Broadcasting executives are gathering in Edinburgh for the start of the annual international television festival.
The keynote MacTaggart Lecture will be given by the director general of the BBC, Mark Thompson, at what is a crucial time for the corporation.
Last year during the keynote Edinburgh speech, one of the BBC's biggest competitors, James Murdoch, launched an outspoken attack on the corporation.
He called its "dominant" scale "chilling" and said that it should be "far, far smaller".
The BSkyB chairman - who also runs much of News Corporation, the publisher of The Times, Sunday Times, Sun and the News of the World - expressed particular concern over the public funding of the BBC's news output, which he called "state-sponsored journalism".
He claimed it was a "threat to the plurality and independence of news provision", because it made it hard for commercial publishers to earn money from their own news websites.
To some of his audience, the idea of "state-sponsored journalism" was over the top.
But, worryingly for the BBC, Murdoch's general point that the corporation was too big and was harming its commercial rivals, drew murmurs of agreement from other media owners and politicians.
Since then, the BBC has found itself under almost constant fire, not least in the newspapers which now compete with it, as they extend their businesses onto the internet.
In this year's MacTaggart Lecture, Mr Thompson must try to win round the corporation's critics, including some of those commercial rivals and politicians.
But he must also set out his vision for the BBC, as a publicly-funded news and cultural organisation in a world of rapidly changing technology and behaviour - and tighter public finances.
The BBC has been widely criticised for the large sums of licence fee money it pays to its stars and top managers.
In the new age of public austerity, Culture Secretary Jeremy Hunt says much needs changing at the BBC.
He has given notice that the next licence fee negotiations - when they begin in a year's time - will be very tough.
Viewers, he says, can expect to pay less.
Belatedly, the BBC has responded to some of the criticisms.
Senior executives' pay has been published, then frozen, and bonuses withdrawn.
The highest-paid managers are giving up a month's pay for the next two years and will be asked to withdraw from a scheme which tops up their pensions.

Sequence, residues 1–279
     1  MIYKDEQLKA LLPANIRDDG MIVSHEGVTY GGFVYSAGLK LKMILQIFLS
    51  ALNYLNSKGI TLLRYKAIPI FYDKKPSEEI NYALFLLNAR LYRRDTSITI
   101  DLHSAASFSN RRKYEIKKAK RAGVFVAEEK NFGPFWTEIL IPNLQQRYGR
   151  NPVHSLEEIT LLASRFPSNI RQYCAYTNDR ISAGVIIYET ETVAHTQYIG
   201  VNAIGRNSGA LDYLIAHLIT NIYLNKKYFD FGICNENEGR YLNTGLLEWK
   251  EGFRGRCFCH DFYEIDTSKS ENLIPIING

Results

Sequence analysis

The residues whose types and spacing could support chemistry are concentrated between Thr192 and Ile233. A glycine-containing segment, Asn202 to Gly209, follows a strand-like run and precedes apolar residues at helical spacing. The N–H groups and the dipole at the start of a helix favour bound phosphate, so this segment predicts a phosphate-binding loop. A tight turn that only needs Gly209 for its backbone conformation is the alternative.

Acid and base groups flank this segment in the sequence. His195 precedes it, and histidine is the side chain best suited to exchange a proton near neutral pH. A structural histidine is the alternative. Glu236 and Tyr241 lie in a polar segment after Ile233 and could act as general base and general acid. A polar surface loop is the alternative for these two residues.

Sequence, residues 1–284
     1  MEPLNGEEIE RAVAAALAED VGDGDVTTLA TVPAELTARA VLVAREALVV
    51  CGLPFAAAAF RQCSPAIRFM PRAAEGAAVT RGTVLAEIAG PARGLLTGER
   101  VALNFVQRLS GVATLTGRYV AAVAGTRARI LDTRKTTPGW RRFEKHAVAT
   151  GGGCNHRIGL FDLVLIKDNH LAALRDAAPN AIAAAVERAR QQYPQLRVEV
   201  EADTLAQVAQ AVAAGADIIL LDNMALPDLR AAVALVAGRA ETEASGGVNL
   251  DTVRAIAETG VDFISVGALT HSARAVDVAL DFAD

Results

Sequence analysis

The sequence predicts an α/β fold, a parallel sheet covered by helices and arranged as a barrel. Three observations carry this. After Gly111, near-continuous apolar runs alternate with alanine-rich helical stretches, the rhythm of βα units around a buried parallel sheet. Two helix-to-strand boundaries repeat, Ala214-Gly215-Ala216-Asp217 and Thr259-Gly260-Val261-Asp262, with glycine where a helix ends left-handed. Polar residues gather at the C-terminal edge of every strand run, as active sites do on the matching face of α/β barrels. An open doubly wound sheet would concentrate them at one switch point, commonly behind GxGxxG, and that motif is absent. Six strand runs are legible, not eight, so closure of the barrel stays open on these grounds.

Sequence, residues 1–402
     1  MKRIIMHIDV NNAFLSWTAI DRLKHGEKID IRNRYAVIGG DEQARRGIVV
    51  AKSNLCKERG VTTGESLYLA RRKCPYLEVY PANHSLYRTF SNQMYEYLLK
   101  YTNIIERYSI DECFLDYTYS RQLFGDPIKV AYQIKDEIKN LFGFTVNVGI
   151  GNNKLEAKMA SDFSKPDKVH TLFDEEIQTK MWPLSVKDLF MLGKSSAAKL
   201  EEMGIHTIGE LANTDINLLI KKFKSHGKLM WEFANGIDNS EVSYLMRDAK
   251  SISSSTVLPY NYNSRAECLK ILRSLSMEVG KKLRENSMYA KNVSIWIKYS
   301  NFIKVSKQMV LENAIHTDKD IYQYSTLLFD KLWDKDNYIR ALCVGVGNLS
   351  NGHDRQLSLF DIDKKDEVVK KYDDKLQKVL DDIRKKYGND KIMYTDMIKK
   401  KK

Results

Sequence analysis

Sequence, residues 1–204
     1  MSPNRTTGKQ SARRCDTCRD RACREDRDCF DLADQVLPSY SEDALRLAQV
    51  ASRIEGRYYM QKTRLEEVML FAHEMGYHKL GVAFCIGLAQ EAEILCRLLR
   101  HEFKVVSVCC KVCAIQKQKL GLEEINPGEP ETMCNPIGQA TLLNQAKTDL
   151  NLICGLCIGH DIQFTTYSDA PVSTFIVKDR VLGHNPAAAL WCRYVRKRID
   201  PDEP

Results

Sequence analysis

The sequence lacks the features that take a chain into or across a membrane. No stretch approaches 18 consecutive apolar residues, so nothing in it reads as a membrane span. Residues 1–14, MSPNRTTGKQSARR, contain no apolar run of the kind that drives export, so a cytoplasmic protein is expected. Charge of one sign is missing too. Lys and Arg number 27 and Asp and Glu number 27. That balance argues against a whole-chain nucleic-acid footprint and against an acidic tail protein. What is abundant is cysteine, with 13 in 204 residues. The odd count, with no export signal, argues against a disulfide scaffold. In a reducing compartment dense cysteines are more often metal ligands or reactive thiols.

The BBC is to publish the names of its highest-paid presenters and performers and it has proposed radical cuts to its staff pension scheme, to cope with a large deficit.
But that in turn has alienated many BBC employees, who are less highly paid.
Unions are balloting their members for strike action.
Other staff are unhappy because their jobs are moving to the north of England, while executives leading the move are keeping their own homes in the south.
Mark Thompson must address all of these different concerns and audiences.
Yet he is also expected to point out that the BBC has much to be proud of.
It still has high support from the public, and large and appreciative audiences for its television, radio and online services.
Innovations such as the BBC website and iPlayer have added to the public benefit provided by the corporation in recent years.
When, asked to make cuts, it tries to close a service such as the digital radio station 6 Music, there is an outcry.
On the eve of Mr Thompson's speech, the case for the BBC has been eloquently argued by two academics in what they call An Appeal to the New Parliament in Defence of a British Institution.
Professor Steven Barnett and Professor Jean Seaton, of the University of Westminster, call on Parliament to remember "the huge affection in which the BBC is held by the British public, the worldwide admiration which it attracts, and the immeasurable importance of the democratic and cultural contribution which it makes to British life".
The BBC director general could hardly put it better himself. Whether he does so remains to be seen.